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Of course, keeping the tank clean is also a must in caring for axolotls. They produce lots of waste, and it would increase the toxin levels inside the tank if not cleaned. 

What Should You Do If Your Axolotl Keeps Hitting the Tank?

Hitting the tank might be a sign of stress for axolotls. One of the main reasons for their anxiety is the water quality in their tank. You should frequently check and test the water parameters to see if everything is in order.

Axolotl is light-sensitive, and they prefer hiding. Consider adding more decorations and hiding places for your axolotls. You should also adjust the light and ensure it is not too bright for your pet; a cloth on their tanks is a great way to reduce light.

Their tank might be too small or crowded for them. Consider putting them in a bigger tank and isolating them from others. 

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Axolotl Hitting the Tank and Related Problems

Overactive axolotl

Young axolotls are energetic, and they will swim around a lot. Some axolotls are also more active than average. If your axolotls are healthy and do not display any signs of stress, then it is normal. 

However, if this is a sudden behavior change, you might consider finding the reason for this sudden change. Overactivity can be a sign of stress in some instances. 

Axolotl running into glass

Swimming against the glass for long periods is a general sign of a stressed-out axolotl. Check the water and tank conditions for any problems. 

However, if your axolotl is new, this is just a regular behavior as they are still exploring and adjusting to their new tank. 

Axolotl thrashing

Thrashing around is a sign of discomfort for axolotls. You should be worried and immediately look into what’s causing pain to your beloved pet. This could be from irritation (gills, injury) or digestive issues such as constipation. 

Axolotl shaking head

Just like thrashing, shaking their head is also a sign of discomfort. It could also be from irritation, illness, or other factors. Something is stressing them up, and it could be the water conditions, so check it immediately. 

FAQs

Why is my axolotl swimming against the glass?

If your axolotl is not new, and this is a sudden behavior change, something might be wrong, and your axolotl is stressed. This could be because of water and tank conditions.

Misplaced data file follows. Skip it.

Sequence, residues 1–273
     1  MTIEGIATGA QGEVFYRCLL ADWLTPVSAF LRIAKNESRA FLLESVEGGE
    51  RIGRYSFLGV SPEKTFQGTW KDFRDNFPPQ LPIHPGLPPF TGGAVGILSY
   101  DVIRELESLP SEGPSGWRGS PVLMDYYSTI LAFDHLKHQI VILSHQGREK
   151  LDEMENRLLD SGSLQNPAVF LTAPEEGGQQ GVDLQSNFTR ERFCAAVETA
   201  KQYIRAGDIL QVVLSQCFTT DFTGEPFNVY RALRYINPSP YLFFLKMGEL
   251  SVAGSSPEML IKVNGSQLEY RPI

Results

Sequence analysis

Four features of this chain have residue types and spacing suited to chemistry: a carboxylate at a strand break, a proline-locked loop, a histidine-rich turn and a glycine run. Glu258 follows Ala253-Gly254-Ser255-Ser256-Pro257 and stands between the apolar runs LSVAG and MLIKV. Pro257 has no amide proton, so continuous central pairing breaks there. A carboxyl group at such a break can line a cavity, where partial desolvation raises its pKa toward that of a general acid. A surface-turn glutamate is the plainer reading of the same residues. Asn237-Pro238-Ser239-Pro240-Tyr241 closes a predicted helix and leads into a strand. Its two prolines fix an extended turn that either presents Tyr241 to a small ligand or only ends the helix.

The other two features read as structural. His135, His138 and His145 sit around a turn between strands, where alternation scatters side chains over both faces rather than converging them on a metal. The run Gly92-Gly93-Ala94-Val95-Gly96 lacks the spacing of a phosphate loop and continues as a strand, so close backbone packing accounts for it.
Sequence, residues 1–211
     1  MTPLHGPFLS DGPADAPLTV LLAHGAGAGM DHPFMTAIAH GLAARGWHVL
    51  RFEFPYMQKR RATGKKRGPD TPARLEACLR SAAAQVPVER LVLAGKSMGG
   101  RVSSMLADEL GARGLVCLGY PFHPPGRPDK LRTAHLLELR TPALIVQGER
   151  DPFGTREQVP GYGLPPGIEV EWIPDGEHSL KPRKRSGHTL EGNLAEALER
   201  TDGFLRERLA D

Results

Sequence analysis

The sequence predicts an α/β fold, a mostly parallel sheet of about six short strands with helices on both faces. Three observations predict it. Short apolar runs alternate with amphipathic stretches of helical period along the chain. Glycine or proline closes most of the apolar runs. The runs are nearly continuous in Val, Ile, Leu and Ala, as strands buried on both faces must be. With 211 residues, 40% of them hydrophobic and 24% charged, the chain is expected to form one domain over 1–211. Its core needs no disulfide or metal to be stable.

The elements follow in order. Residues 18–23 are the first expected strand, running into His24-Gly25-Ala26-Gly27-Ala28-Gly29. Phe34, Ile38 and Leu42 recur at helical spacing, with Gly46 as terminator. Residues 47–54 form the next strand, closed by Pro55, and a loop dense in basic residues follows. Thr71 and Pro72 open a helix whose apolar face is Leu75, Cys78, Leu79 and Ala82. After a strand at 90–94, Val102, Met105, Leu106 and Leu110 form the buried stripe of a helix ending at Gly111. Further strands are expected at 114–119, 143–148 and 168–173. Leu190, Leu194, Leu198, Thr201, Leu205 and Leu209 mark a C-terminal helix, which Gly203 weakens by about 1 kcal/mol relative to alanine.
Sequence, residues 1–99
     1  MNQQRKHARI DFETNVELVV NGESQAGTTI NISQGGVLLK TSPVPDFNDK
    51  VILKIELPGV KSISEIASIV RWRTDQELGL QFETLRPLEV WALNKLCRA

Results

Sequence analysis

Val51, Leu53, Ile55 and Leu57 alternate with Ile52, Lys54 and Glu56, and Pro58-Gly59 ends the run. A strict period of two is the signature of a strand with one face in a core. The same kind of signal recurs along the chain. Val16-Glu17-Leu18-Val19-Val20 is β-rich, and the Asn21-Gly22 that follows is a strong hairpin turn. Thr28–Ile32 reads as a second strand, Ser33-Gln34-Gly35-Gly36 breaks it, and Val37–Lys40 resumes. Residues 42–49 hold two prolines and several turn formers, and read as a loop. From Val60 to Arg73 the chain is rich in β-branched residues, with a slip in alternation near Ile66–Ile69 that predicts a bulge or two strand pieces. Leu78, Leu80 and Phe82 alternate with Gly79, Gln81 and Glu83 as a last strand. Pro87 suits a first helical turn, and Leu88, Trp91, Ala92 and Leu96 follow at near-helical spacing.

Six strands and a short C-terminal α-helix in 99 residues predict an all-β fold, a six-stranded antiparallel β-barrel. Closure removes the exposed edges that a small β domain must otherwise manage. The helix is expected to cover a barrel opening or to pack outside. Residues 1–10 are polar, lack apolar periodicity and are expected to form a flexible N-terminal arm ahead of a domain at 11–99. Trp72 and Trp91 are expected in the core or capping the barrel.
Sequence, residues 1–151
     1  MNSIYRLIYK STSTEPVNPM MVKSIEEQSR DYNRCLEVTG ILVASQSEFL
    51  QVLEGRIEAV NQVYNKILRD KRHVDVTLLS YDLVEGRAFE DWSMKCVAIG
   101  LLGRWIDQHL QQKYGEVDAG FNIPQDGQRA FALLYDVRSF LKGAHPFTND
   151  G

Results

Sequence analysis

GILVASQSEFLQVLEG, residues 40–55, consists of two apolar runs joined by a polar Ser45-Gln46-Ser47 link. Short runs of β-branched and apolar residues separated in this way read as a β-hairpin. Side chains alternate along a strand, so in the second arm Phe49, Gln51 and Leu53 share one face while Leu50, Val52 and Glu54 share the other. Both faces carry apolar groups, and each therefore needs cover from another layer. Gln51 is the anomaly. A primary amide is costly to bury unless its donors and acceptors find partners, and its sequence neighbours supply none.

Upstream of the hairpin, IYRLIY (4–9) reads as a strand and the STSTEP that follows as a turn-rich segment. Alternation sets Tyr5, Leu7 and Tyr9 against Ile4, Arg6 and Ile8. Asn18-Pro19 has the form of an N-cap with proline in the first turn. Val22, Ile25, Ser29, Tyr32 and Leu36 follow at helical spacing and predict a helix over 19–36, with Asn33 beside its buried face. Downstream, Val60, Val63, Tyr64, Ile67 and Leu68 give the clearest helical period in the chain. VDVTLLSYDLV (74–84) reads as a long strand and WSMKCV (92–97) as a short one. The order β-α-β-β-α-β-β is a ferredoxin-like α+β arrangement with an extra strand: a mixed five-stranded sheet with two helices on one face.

Why is my axolotl bumping into the wall?

This might be just because of their poor eyesight. However, in severe cases, this is a sign that your axolotl is stressed or sick.

Why is my axolotl thrashing around?

Thrashing around is a sign of discomfort for axolotls. This could be from irritation (gills, injury) or digestive issues such as constipation. You should be worried and immediately look into what’s causing pain to your beloved pet.

What does a sick axolotl look like?

Curled gills are the first and most common signs of a stressed or sick axolotl. Deterioration of axolotls’ gills is also a sign that you are stressed. At the same time, curling at the tip of an axolotl’s tail is a serious sign that the animal is experiencing illness. 

Why is my axolotl trying to escape?

This could be because of poor water conditions or stress, or the tank is too small for them. So, if you notice that your axolotls are trying to escape, it is best to find the problems and fix them immediately.
Something is wrong if your axolotl is trying to escape, whether with your axolotl or tank. Getting an aquarium hood or lid to stop the axolotls from escaping. 

Wrapping Up

Overall, it is no reason to worry if your axolotl is new or young. New axolotls might just be adjusting and exploring their new tank. While young axolotls tend to be too energetic, and they might swim around a lot and hit the tank sometimes.

However, axolotls hitting their tank could also be a sign of stress. It could be because of bad water conditions, or their tank is too small or crowded. 

It is always essential to test the water conditions in your tank. The temperature should be maintained below 22°C. The toxin levels should be monitored as they could be harmful to your pet.  

Axolotls are best to be left alone. They also need hiding places and prefer low light. If they are hitting their tanks, it might be good to consider putting it in a bigger tank.